Napoleon should have learned from Caesar's one mistake of having too much power, because it would eventually cause him to be exiled to the island of Elba. The Grand Alliance had crushed Napoleon's Grande Armee. Napoleon tried conquering all of Europe, but not all of Europe wanted to be ruled by a military dictator. Instead, they wanted the return of the Bourbon empire, where peace could be restored and power limited so no ruler could take matters into his own hands again. Too much power eventually became the downfall of Napoleon as it did Caesar. People became fearful and did not like that one person could control all of Europe. In the beginning they were supportive because he ended the wars and fighting, but now he brought it back which made his citizens oppose him and what he stood for (Weidhorn 193).

Napoleon and Caesar took their struggling nations out of turmoil and gave them order, and for that the people loved them. Caesar put an end to the Gallic and Civil wars that Rome was involved in, with that, he entered into power . Napoleon took France out of the French Revolution by overthrowing the then government, the Directory.
Napoleon instated a new government the Consulate and crowned himself first Consul and three years later, Consul for life, Caesar became all powerful when named dictator for life. Both men knew in order to be a successful leader, they had to have the full support of the military.

Power and territory were increased, because there armies were always the biggest and responsible for putting down any revolts that might occur. Caesar introduced propaganda and Napoleon followed his lead. Favorable accounts were written which proved to give them a political edge, and the support of the people. Caesar was a friend of his people and gave many lands to his soldiers and to the poor, he built bridges, roads and waterworks. Napoleon was also civil in the beginning of his reign, abolishing serfdom, passing laws and granting universal male suffrage. Both men were well liked until they abused there powers and privileges. They fell for the same reason, too much power. Caesar was murdered because his role as dictator came to close to being a king and Napoleon did not know where to draw the line and his army eventually turned against him.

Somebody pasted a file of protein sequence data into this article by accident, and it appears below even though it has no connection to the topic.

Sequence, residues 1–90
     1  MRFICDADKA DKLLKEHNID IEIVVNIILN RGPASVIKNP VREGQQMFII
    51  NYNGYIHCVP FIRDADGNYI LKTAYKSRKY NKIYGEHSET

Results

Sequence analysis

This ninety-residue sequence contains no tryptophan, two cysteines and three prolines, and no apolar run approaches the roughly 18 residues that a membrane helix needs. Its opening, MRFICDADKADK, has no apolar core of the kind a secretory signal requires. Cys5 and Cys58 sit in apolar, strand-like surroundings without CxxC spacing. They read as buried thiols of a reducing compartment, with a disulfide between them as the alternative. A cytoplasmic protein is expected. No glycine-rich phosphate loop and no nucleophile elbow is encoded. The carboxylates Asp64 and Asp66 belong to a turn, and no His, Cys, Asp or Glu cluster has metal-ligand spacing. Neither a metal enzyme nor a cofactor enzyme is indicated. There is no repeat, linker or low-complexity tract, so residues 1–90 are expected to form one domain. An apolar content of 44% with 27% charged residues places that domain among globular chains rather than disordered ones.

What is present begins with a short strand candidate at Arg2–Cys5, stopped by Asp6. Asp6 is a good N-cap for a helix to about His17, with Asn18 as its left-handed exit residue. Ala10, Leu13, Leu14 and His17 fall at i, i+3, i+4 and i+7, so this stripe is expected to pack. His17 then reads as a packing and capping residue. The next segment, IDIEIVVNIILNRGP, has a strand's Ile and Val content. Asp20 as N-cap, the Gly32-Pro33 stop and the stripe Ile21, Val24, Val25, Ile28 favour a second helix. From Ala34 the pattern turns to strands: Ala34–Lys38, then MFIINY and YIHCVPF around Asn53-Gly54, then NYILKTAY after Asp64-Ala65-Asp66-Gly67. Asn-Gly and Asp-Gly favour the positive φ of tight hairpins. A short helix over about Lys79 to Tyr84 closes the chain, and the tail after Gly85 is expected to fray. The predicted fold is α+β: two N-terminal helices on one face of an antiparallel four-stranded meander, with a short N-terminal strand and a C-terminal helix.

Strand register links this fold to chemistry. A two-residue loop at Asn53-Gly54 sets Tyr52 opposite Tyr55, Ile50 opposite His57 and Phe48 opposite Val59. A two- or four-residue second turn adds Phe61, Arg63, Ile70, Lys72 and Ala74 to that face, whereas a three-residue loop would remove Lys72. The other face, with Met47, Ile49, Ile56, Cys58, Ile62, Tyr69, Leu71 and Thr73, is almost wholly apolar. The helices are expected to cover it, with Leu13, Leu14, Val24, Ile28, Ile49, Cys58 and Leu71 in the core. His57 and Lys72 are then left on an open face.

Napoleon Bonaparte was able to rise to power because of another great general that came before him, Julius Caesar. Napoleon was a success because he looked to the past, and emulated Caesar; he built up his army, conquered most of Europe, became a dictator for life and eventually fell from power, because like Caesar, he did not know where to draw the line.

Bibliography

Carlyle, Thomas. The French Revolution Complete and Unabridged. New York: Random House, Inc., 1837.
Castelot, Andre. Napoleon. New York: Harper & Row Publishers Inc., 1971.
Duggan, Alfred. Julius Caesar A Great Life in Brief. New York: Borzoi Books, 1996.
Ellis, Peter Berrsford. Caesar's Invasion of Britian. New York: New York University Press, 1978.
Frere, Sheppard. Britannia: A History of Roman Britain (3rd edition). London: Routledge & Kegan Paul, 1987.
Grab, Walter. The French Revolution The Beginning of Modern Democracy. London: Bracken Books, 1989.
Grant, Michael. Julius Caesar. New York: McGraw-Hill Book Company, 1969.
Grant, Michael. Caesar. Chicago: Follett Publishing Company, 1975.
Herold, J. Christopher. The Age of Napoleon. New York: American Heritage Publishing Co., Inc., 1963.
Herold, J. Christopher and Marshall B. Davidson. The Horizon Book of The Ageof Napoleon. New York: American Heritage Publishing Co., Inc., 1963.
Lawford, James. Napoleon The Last Campaigns 1813-1815. New York: Crown Publishers Inc., 1977.
Marrin, Albert. Napoleon and The Napoleonic Wars. New York: Penguin Books, 1991.
Weidhorn, Manfred. Napoleon. New York: Macmillian Publishing Company, 1986.